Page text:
This note accompanies the follow episode(s):
The Writer’s Almanac for October 17, 2016: Reading to My Kids

Oct. 17, 2016: birthday: Arthur Miller

It’s the birthday of American playwright Arthur Miller (1915) (books by this author), best known for plays that examined the American dream and social conscience, like All My Sons (1947), Death of a Salesman (1949), and The Crucible (1953).

Miller was born in Harlem, New York, and grew up wealthy in Manhattan. His father was a successful coat manufacturer and the family had a chauffeur and a summer home in Far Rockaway. But during the Wall Street Crash (1929), the family lost everything and moved to an apartment in Flatbush in Brooklyn, where Miller shared a bed with his grandfather. Still, he recalled a boyhood of skating, football, and baseball in the streets. The Depression began when Miller was 14, and he delivered bagels on his bicycle to help the family make ends meet. He decided to be a writer after reading Dostoevsky’s The Brothers Karamazov.

It was at the University of Michigan that he had his first taste of success in the theater. His play No Villain (1934) won $250.00 in a contest. After he graduated, he joined the Federal Theatre Project (FTP) and earned $22.77 a week. In 1944, after moving back to New York City, Miller had his first professional premiere with his play The Man Who Had All the Luck, but it closed after four performances. He refused to give up, though. He said, “With the possible exception of a doctor saving a life, writing a worthy play was the most important thing a human being could do.”

Miller’s next produced play, All My Sons (1947), ran for 328 performances and won a Tony Award. It premiered 18 months after V-J Day and audiences were ready for a back-from-the-war story. It was directed by Elia Kazan, who would collaborate with Miller on several other projects, until they had a falling out in the 1950s during the height of McCarthyism and the House Un-American Activities hearings, during which Kazan decided to name the names of colleagues who were sympathetic to Communism. Miller refused, was cited for contempt, and had his passport revoked (1956). Miller saw a connection between the HUAC hearings and the Salem witch trials of the 17th century, and this inspired him to write the play The Crucible (1953).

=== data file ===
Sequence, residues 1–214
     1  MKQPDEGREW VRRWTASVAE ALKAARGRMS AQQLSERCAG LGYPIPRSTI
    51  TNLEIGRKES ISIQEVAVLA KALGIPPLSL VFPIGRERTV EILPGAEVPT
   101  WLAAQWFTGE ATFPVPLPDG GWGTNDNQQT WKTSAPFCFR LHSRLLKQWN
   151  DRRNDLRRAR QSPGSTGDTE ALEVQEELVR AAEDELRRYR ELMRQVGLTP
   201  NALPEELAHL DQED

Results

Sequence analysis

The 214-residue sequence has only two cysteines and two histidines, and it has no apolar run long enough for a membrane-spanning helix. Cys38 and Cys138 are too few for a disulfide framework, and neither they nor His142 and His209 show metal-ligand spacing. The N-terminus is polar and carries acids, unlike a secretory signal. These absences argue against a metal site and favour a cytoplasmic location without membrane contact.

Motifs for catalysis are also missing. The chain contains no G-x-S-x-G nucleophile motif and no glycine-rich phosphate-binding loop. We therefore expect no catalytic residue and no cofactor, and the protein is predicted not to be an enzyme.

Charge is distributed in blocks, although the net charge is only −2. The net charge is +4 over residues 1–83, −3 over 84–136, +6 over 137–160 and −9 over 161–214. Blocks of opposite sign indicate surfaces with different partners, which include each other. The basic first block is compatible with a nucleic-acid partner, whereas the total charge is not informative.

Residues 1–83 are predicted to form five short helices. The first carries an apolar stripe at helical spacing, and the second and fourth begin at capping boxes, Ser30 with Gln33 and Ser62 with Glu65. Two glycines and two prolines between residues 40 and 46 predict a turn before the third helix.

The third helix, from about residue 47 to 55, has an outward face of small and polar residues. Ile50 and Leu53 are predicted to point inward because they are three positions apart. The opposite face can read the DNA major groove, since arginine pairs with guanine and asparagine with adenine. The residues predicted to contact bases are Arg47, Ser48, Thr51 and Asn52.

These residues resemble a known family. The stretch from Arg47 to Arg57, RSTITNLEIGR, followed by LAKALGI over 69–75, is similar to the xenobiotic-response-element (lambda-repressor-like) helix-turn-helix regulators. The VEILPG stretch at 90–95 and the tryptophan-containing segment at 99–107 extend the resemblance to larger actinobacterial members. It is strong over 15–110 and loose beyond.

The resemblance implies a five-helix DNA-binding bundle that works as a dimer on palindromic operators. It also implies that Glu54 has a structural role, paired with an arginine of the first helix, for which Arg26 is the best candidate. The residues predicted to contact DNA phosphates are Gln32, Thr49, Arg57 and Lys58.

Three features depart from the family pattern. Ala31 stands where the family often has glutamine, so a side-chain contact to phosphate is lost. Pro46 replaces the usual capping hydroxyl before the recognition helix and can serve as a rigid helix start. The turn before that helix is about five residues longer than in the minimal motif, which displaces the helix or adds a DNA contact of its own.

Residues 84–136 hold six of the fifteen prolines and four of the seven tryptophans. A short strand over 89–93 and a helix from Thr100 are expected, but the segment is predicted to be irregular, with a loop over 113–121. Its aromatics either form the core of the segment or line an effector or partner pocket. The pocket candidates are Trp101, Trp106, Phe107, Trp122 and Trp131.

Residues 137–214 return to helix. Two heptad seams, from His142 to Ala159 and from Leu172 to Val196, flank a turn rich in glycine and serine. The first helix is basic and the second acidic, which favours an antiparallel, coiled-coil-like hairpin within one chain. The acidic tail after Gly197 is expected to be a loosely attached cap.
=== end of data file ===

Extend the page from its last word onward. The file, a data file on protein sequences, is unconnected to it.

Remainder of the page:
Miller’s most famous play remains Death of a Salesman (1949), whose full title is Death of a Salesman: Certain Private Conversations in Two Acts and a Requiem. Miller’s original title for the play was The Inside of His Head. He wrote the play in six weeks and based the character of traveling salesman Willy Loman on his Uncle Manny, another boastful ne’er-do-well with two sons, like Willy Loman. In the play, Loman laments his station in life, saying, “You can’t eat the orange and throw the peel away. A man is not a piece of fruit.” The play won a Tony, the New York Drama Critics Circle Award, and the Pulitzer Prize, but Miller was not universally beloved. One critic found his work too obvious, calling the social commentary in his plays “like neon signs in the diner window” and actor Peter O’Toole dismissed Miller as “a bore.”

Arthur Miller wrote more than 60 plays during his lifetime, including A View from the Bridge (1955) and After the Fall (1964), a thinly veiled examination of his five-year marriage to actress Marilyn Monroe, who died in 1962. When Miller married Monroe, writer Norman Mailer quipped, “The Great American Brain meets the Great American Body.” Monroe called Miller “Papa,” and Miller wrote the screenplay for what would be her last film, The Misfits (1961), which also starred Clark Gable and Montgomery Clift. His final play before his death (2005) was Finishing the Picture (2004), a fictional account of the deterioration of the Miller-Monroe marriage during the filming of The Misfits. When asked about how he crafted his plays, Miller responded, “It’s the careful construction of hard actions, facts, the geometry of relationships.”

Arthur Miller said, “The mission of the theater, after all, is to change, to raise the consciousness of people to their human possibilities.”

And of the theater he said:  “It’s the simplest way for one citizen to address other citizens. … It needs nothing but a board and a man to stand on it.”